"There's no way that we could serve over half a million meals without their support and effort that they put into it," said Hanson.

School Board President Dee Leyba commended the district staff and volunteers who contributed to the success of the school lunch distribution program through such a tumultuous time.

Board member Kidron Backes asked if Hanson has a game plan for when the USDA waivers are eventually abolished.

"People, I believe, may be becoming accustomed to this program," Backes said. "If the funds do run out how are you going to communicate that so that people don't think, 'Oh, they just dumped us and they don't care anymore.'?"

Hanson said that was a good question, one that he didn't want to answer yet out of fear of jinxing the situation. More seriously, he said that he wants to wait until the June 30 mark is closer in case waivers are extended or other developments occur.

Despite a stellar distribution record, the school lunch program has not been without its challenges, which Hanson addressed at the Monday meeting.

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Many problems stemmed from changes that the state and federal governments made to the food service program, Hanson said.

"You can remember when this all first started there was ... a change every other week. We adapted to those and had some challenges there," he said.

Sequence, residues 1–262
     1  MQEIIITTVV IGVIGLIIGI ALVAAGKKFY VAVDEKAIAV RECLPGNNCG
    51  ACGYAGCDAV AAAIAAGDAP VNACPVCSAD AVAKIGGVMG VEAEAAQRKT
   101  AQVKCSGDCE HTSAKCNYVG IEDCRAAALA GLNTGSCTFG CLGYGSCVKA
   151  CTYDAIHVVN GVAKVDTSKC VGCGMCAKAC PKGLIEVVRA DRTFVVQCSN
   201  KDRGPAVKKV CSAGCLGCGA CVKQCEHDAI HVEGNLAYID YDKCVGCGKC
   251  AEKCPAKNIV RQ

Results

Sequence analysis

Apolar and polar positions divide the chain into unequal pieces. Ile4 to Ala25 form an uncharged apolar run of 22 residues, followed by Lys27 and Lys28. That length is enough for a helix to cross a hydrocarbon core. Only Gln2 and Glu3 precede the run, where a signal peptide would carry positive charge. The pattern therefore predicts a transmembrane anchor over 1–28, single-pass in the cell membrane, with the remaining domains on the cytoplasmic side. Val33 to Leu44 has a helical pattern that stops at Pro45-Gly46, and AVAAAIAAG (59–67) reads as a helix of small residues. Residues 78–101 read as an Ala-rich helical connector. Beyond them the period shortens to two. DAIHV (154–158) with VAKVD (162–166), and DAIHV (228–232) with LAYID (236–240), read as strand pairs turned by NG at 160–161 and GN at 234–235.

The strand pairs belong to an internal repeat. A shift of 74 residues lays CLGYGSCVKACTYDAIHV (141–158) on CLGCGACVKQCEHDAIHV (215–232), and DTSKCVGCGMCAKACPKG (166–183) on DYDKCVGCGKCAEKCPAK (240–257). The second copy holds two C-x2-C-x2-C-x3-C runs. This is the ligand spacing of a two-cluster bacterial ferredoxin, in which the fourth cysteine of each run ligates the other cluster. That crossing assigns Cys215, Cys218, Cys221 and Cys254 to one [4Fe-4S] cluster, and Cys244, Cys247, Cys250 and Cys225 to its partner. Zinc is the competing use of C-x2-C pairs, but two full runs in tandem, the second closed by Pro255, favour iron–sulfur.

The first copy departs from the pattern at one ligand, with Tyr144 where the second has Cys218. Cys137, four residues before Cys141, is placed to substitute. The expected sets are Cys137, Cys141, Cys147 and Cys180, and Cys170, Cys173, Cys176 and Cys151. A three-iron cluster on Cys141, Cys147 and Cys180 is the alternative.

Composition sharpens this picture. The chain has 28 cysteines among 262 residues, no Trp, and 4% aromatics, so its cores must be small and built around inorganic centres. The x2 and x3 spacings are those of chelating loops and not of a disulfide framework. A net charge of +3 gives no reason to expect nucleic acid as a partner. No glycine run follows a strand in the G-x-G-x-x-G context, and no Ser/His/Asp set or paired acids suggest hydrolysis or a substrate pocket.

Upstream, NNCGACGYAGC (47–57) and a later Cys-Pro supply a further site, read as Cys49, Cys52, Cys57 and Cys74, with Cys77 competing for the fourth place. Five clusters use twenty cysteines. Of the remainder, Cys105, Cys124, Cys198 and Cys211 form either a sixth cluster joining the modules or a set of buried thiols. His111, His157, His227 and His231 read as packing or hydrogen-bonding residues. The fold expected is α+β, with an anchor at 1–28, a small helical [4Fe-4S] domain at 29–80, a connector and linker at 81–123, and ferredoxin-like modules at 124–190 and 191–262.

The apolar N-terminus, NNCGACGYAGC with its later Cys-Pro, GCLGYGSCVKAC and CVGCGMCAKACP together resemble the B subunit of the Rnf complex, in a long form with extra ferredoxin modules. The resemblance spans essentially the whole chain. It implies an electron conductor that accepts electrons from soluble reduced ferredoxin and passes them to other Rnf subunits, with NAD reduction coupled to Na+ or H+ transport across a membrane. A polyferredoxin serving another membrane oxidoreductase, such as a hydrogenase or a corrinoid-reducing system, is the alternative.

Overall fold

Food shortages and supply chain issues also became somewhat of a stick in the meal program's spokes.

"I never thought we'd see shortages," Hanson said."The last big challenge is adapting to different service models. Whether it's our face-to-face model or our hybrid model or our fully remote model.

"Having to change all those on a dime has really been some of the challenges that our staff have really (made) the adjustments quickly, making sure that students can still get fed."

Regarding COVID-19, Superintendent Rick Lovato was shocked to learn last week that Otero County was headed to Level Blue (Caution) by last Saturday.

"We were all prepared for Yellow," said Lovato. "That's what we were being groomed for. And then Friday afternoon around 2 o' clock I got what I thought was a joke email.

"Later that evening it was confirmed that it was immediate at 9 a.m. the following morning."

Lovato said the only real effect the shift to Level Blue on the COVID-19 dial has on the school district is that its maximum capacity of gatherings for indoor events has been increased.

He said the mask mandate hasn't changed, nor have precautions such as temperature and symptom checks at entrances, social distancing and similar protocols.

"Obviously the big question was we've just started to have our school basketball games," Lovato said. "The junior high tournament (was last) Saturday, they wanted it to be immediate. As much as we want to do that immediately, we were not logistically prepared." 

The school district planned to expand gathering capacities to the allowed maximum after the Tuesday game.

The district held a staff COVID-19 vaccination clinic on Friday. Lovato said the vaccinations are optional and that some staff, including himself, were on the fence about receiving it at first. But, he said, he expects a good turnout for vaccinations.

Next:Otero County receives award for study into Japanese American history in Southeast Colorado

Tribune-Democrat reporter Christian Burney can be reached by email at cburney@gannett.com.